Four Things To Consider When Taking Your Startup Global
Your startup is growing at a healthy pace and you’ve done pretty well in your domestic market. In fact, you’ve come to the point where you’re already considering expanding across the region… or even internationally. That’s an incredible milestone, and you’re on your way to success. Congratulations!
But going international will be an entirely new ball game. When you’re running a startup with big ambitions but limited resources, you can’t afford a single misstep. If you’re wondering how to take your startup global, here’s some advice:
1. Consider your original business plan officially useless.
The first step a founder of a startup that intends to venture outside of its current markets is possibly the most important one – realize that the rules have now changed.
A different market represents a totally different business landscape. From the number of competitors (and their size) to the quality of the local talent, from the myriad of legal and governmental jurisdiction on businesses to understanding foreign exchange complications, these differences can impact on your business greatly.
Many companies large and small that has tried and failed to penetrate the massive China market, for example, largely because they couldn’t navigate through the various business challenges thrown their way by that lucrative but notoriously fickle market.
2. Localize your product.
Recognize that in order to thrive in many markets around the world, you not only need to localize your product according to market needs but your business also needs to speak their language. And we mean that literally.
In fact you’ll most certainly need to get much language translation work done, from your sales kits and your website to your instruction manuals and marketing materials. Opt for professional translators, such as EVS Translations, and most definitely stay away from free but blind (and blunt) translation tools like Google Translate.
Why? Because you need to consider cultural context as well.
Consider this example. Mitsubishi Motors named their sport utility vehicle Pajero, first introduced in 1982, after a feline cat native to Spanish-speaking Argentina… except that ‘pajero’ is also an offensive term that means ‘wanker’. While that didn’t seem to have affected sales all too much and the Pajero was marketed using different names in some other markets, it probably attracted quite a few Spanish sniggers.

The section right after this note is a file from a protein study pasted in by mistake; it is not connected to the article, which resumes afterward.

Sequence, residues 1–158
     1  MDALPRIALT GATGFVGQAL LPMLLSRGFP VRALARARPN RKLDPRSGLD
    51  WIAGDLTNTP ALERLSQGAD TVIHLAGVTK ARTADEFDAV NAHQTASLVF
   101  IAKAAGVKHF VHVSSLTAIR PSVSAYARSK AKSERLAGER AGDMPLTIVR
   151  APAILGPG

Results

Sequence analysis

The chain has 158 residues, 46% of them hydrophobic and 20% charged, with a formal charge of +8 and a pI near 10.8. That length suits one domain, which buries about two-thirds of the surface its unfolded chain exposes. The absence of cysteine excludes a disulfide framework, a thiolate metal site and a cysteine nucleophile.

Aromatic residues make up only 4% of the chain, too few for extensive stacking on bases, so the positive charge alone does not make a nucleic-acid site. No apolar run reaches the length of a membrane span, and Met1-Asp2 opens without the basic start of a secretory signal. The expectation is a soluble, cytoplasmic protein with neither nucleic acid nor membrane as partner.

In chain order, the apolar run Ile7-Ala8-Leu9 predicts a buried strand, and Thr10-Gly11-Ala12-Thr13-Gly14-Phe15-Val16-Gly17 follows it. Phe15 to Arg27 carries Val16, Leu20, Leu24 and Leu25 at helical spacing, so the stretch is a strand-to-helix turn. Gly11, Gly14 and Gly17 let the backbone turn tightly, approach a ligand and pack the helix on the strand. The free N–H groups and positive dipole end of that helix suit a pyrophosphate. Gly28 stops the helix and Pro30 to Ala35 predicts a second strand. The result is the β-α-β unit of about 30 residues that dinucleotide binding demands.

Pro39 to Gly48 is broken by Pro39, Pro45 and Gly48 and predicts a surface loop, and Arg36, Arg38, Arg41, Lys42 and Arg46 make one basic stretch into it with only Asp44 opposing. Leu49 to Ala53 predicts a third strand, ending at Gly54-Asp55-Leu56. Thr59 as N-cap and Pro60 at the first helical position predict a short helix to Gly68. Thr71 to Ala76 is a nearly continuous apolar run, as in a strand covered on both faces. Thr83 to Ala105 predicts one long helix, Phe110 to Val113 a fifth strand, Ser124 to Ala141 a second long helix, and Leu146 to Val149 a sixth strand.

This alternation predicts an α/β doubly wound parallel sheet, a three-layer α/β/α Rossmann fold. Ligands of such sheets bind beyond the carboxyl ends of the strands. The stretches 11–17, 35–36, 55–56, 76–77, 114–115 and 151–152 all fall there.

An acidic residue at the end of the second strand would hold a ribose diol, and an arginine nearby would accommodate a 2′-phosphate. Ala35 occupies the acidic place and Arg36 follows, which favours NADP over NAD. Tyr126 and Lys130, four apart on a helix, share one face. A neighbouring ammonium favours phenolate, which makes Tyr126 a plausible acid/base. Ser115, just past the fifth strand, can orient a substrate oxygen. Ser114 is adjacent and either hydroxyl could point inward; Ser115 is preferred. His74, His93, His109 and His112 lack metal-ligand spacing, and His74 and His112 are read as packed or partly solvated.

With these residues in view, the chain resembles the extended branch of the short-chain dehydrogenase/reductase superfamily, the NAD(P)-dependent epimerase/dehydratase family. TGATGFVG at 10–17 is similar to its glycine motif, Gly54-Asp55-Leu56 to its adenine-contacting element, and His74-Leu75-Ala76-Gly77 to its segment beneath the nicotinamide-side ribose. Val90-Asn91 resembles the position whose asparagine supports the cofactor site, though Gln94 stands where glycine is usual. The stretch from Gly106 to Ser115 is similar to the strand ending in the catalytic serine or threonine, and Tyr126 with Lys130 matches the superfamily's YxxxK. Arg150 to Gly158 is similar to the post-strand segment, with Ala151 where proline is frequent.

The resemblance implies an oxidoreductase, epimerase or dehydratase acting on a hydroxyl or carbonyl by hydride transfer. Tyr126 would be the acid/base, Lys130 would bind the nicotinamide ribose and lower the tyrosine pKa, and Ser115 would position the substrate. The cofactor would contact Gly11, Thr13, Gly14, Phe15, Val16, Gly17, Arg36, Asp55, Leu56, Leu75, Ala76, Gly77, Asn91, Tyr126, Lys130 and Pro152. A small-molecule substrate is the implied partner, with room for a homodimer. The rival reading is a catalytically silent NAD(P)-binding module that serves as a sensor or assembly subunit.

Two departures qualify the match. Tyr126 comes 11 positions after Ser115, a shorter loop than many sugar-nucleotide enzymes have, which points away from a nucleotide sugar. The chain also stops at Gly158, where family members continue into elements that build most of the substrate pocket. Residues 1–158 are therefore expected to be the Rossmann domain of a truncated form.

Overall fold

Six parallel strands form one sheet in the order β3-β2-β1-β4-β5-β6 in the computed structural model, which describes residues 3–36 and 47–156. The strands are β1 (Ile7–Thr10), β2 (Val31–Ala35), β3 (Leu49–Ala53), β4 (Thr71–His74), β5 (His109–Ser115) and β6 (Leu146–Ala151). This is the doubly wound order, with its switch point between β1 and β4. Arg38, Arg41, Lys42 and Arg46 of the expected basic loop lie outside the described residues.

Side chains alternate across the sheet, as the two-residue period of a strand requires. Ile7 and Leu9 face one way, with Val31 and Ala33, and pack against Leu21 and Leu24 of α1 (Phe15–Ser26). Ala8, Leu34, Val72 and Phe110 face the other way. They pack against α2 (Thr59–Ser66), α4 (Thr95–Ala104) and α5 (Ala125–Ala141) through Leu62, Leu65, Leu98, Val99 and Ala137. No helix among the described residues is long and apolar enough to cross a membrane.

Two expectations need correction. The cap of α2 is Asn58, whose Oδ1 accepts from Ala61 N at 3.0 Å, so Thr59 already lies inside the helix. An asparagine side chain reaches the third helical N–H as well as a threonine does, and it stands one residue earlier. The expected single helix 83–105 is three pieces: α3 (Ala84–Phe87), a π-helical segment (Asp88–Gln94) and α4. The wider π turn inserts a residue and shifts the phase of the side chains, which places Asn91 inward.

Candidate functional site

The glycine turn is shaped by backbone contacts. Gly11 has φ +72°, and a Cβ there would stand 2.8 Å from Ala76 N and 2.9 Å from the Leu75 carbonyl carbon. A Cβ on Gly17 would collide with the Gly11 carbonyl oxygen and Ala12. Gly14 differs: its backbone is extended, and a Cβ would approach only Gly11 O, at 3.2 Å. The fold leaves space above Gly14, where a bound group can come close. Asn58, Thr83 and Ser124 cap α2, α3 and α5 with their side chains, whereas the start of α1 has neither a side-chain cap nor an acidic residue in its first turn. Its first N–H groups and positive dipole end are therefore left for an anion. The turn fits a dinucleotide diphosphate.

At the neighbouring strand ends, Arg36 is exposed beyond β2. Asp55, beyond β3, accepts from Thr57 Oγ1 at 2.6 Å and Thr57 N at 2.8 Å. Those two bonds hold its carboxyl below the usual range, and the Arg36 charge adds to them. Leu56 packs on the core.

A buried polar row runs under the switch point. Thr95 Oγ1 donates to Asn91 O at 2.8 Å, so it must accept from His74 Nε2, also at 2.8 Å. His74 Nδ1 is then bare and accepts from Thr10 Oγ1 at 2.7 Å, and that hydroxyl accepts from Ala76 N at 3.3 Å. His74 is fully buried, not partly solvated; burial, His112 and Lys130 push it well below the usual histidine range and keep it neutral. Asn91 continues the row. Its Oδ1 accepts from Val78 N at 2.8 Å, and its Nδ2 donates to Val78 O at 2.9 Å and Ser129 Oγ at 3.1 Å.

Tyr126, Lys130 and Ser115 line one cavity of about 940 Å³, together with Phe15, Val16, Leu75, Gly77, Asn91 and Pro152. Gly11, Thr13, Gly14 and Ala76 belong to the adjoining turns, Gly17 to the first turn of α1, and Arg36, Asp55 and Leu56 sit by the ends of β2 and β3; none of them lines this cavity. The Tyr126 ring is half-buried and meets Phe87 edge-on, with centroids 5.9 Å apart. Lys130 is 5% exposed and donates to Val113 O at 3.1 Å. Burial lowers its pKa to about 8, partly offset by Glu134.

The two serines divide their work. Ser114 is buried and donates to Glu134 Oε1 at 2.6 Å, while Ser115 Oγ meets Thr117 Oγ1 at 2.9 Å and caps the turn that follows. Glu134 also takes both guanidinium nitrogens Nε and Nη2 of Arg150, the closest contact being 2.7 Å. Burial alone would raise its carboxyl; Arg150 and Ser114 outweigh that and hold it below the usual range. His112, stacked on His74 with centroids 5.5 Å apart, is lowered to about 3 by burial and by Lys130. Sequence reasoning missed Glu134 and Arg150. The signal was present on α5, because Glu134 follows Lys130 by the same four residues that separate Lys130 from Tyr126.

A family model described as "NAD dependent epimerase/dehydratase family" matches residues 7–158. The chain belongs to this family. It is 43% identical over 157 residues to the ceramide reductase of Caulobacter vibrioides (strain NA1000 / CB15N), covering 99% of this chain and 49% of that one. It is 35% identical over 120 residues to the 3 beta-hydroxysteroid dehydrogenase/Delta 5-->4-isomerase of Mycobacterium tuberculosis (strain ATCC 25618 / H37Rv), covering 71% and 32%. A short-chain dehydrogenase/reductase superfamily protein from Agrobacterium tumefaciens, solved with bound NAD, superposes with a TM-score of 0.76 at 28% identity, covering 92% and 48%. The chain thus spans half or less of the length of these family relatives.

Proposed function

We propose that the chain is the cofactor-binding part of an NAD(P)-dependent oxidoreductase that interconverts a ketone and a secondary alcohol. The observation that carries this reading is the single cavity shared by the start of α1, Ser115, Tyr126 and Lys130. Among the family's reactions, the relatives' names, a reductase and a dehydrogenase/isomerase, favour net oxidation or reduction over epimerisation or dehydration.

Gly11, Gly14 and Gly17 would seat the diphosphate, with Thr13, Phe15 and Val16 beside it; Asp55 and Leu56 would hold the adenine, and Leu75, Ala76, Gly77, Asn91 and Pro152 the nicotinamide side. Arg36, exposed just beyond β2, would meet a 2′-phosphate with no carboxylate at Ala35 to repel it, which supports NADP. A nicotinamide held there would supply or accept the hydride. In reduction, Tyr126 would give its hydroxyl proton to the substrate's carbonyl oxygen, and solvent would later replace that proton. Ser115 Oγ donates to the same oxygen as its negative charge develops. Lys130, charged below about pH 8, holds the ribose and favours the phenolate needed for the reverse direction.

Certainly you don’t want your product to be made fun of?
3. Hire strategically.
When you’re expanding your team – and you have to if you’re looking to grow and venture into different markets – it can be advantageous that your new hires are global in mindset, come from different cultural backgrounds, can speak more than one language, and have no qualms relocating (or a combination of the above).
Having someone in your team who understand the cultural nuances that’s inherent in the new market you’re targeting (which can be very different from your own) will make entering it so much easier. Pro tip: That hire can also check on language translations for cultural gaffes (see above).
You need to hire anyway, so you may as well pick the talent that most suit your expansion plans.
4. Look at finding local partners. Carefully.
But if you don’t have someone on your team who knows your target market well, one of the best ways to steer clear of trouble in a new business environment is to simply work with a local partner.
The partner can possibly come in several forms. For example, it could be someone along your value chain – a distributor, a service provider, or even a key customer – who certainly has local knowledge and also expertise in your industry.
They could be another company with products or services that complement yours, and that kind of synergy may bring something not found in that market.
Or if you’re flush with funds, you may even consider buying out a potential competitor in the market you’re entering – a quick and dirty way to get off to a running start. But make sure you find the right partner. A bad partner can torpedo your chances of success.
Of course, this is not a definitive guide when it comes to taking your startup global – there’s certainly a lot more things to learn along the way and mistakes to make. But it’s certainly a start.
Daniel Goh is the founder and chief editor of Young | Upstarts, as well as an F&B entrepreneur. Daniel has a background in public relations, and is interested in issues in entrepreneurship, small business, marketing, public relations and the online space. He can be reached at daniel [at] youngupstarts [dot] com.